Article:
The Lancashire Derbyshire and East Coast Railway: Chesterfield to Langwith Junction, the Beighton Branch and Sheffield District Railway

Author(s): Chris Booth 

ISBN: 9781781556283

A journey along the self-styled ‘Dukeries Route’ railway and its connections, from yesteryear to today in words and pictures.
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  • Discover the Lancashire Derbyshire and East Coast Railway, the ‘Dukeries Route’

  • Read about its various connecting lines and the Sheffield District Railway

  • Maps, diagrams and many unpublished images in mono and colour

  • Highly informative and of much interest to the historian, enthusiast and modeller

When coal was ‘king’, an ambitious plan was laid for an east to west cross-country rail route to connect the Manchester Ship Canal at Warrington to a new dock to be built near the small east coast village of Sutton on Sea. It was to be grandly titled The Lancashire, Derbyshire and East Coast Railway. As history was to show, the line would reach neither Warrington nor Sutton on Sea with only the Chesterfield to Pyewipe Junction section and a branch to Sheffield ever being completed. Taken over by the G.C.R. in 1907, the route was primarily a coal-carrying railway with a passenger service that lasted until 1955.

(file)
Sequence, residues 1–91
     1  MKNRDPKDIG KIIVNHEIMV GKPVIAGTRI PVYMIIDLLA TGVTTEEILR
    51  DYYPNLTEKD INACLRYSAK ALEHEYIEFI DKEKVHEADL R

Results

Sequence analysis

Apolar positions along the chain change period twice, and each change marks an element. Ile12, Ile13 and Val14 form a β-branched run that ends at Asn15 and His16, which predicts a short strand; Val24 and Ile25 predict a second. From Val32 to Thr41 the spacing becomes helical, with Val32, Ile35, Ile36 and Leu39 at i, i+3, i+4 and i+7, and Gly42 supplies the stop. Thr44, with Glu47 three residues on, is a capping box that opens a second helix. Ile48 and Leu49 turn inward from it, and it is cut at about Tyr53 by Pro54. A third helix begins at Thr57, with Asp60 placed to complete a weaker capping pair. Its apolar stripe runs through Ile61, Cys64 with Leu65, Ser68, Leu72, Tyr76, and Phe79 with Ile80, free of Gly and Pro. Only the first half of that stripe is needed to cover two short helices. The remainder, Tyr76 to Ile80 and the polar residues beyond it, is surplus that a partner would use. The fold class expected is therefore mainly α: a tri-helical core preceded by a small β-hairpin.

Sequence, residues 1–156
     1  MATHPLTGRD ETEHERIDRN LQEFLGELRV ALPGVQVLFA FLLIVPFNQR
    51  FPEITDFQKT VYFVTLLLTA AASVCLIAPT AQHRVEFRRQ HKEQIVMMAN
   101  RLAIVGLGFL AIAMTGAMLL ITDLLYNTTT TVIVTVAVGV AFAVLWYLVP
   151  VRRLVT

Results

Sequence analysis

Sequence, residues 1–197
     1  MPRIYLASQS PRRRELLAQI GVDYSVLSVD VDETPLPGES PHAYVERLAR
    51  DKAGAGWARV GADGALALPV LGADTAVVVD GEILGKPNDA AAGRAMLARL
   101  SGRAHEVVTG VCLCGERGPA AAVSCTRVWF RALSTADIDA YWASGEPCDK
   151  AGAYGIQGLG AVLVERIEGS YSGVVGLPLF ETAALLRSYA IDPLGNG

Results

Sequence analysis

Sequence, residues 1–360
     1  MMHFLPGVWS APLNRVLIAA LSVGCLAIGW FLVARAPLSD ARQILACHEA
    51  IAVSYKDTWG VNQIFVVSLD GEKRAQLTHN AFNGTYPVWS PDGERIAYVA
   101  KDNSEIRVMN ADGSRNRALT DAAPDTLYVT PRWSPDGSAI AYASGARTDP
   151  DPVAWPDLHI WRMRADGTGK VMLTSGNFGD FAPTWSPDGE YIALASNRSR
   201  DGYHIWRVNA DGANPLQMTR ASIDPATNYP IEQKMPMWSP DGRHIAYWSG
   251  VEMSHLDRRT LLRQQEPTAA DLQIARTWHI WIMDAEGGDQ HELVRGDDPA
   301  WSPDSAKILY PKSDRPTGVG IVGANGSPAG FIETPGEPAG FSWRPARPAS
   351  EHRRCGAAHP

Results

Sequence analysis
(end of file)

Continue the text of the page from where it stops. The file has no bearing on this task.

Discover the former Lancashire Derbyshire and East Coast Railway, the self-styled ‘Dukeries Route’ and its branches through the lenses of photographers from a period of over 110 years. From the main line between Chesterfield and Lincoln, the Beighton Branch, the Sheffield District Railway and the Mansfield Railway to the motive power depots at Chesterfield, Tuxford and Langwith Junction, this is a glorious photographic journey from its early days to its remains in 2016.

BOOK ISBN 9781781556283
FORMAT 248 x 172 mm
BINDING Paperback
PAGES 160 pages
PUBLICATION DATE 15 November 2017
ILLUSTRATIONS 206 black-and-white and colour photographs



Chris Booth has been fascinated in the Lancashire Derbyshire and East Coast Railway since reading the books The Lancashire Derbyshire and East Coast Railway and Langwith Junction: The Life and Times of a Railway Village. Since then, apart from the odd article in the railway press, little else on this railway line has been seen in book form.